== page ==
The Atlantic Veterinary College in Charlottetown is telling pet owners to keep an eye out for signs of canine influenza or dog flu.
Like human flu, dog flu is highly contagious, and causes cough, runny nose, and fever. There are no recorded cases of canine flu being passed to humans.
Also as with people, not all dogs with the flu will need medical attention. Care at home is enough. But it is important to keep an eye on very young or very old dogs, and dogs with other health problems.
“In some cases they can get quite sick. They can get pneumonia and have trouble breathing and in rare cases they can even die,” said Dr. Jason Stull, a veterinary epidemiologist and an adjunct professor at AVC.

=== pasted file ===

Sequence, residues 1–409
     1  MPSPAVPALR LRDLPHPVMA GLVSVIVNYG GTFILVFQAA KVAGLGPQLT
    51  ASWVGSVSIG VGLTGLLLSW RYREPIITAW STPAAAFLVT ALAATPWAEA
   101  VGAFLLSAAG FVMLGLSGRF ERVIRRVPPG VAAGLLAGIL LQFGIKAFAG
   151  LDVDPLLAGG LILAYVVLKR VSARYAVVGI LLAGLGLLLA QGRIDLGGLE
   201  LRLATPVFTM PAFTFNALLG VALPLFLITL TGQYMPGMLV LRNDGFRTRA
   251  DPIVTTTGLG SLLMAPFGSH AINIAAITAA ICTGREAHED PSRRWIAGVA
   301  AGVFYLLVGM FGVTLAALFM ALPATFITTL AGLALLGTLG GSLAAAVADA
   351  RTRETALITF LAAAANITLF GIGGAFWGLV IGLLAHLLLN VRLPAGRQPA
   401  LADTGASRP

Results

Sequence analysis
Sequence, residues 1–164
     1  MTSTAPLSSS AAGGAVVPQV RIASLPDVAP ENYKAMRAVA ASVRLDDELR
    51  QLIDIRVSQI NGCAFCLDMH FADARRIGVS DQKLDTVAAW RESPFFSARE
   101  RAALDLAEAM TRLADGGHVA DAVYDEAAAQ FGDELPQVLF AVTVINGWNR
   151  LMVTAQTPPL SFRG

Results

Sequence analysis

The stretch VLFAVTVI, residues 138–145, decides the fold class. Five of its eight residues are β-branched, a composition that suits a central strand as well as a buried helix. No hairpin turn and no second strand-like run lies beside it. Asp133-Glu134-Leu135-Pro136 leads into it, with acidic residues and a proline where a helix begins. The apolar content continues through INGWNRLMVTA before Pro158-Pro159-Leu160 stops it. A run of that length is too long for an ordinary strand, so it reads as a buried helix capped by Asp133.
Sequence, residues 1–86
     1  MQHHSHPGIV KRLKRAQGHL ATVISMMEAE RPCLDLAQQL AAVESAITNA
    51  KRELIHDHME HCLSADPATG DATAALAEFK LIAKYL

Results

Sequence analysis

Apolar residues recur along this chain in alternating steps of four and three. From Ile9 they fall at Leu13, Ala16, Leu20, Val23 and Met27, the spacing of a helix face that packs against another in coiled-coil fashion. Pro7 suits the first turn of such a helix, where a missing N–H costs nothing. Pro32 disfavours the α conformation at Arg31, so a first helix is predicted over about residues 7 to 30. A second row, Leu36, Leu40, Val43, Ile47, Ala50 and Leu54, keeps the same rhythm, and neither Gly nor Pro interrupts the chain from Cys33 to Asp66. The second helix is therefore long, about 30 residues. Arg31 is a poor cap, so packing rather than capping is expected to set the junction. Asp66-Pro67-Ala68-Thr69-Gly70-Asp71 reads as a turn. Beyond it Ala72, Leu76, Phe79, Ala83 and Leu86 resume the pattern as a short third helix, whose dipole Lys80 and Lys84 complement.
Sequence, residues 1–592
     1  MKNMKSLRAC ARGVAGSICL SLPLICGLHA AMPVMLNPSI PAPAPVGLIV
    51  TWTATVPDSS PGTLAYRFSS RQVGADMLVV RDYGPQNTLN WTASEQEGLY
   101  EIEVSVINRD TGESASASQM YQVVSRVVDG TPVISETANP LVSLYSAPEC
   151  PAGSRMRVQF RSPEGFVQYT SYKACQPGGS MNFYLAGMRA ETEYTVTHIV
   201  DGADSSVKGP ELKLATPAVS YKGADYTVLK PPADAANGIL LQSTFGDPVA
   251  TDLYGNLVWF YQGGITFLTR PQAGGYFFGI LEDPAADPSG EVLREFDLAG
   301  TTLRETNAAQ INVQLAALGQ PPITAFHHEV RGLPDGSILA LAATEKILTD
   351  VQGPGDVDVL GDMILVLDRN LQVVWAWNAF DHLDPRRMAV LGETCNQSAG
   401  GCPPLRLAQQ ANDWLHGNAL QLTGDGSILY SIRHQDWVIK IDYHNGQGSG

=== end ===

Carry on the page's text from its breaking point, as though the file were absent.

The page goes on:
Avoid spreading the disease
If your dog does need to see a vet, said Stull, you should call ahead.
“It is very contagious,” he said.
“We need to take precautions to make sure that that dog doesn’t come right into the waiting room or the lobby of the veterinary clinic and potentially transmit the disease to everyone else.”
Dogs with the flu can be contagious for a couple days before symptoms appear and for as long as three weeks.
The current risk for dog flu on P.E.I. is quite low, said Stull.
But if your dog spends a lot of time with other dogs, especially dogs from the U.S., where there are dog flu outbreaks, there is a vaccine available and you might want to consider it.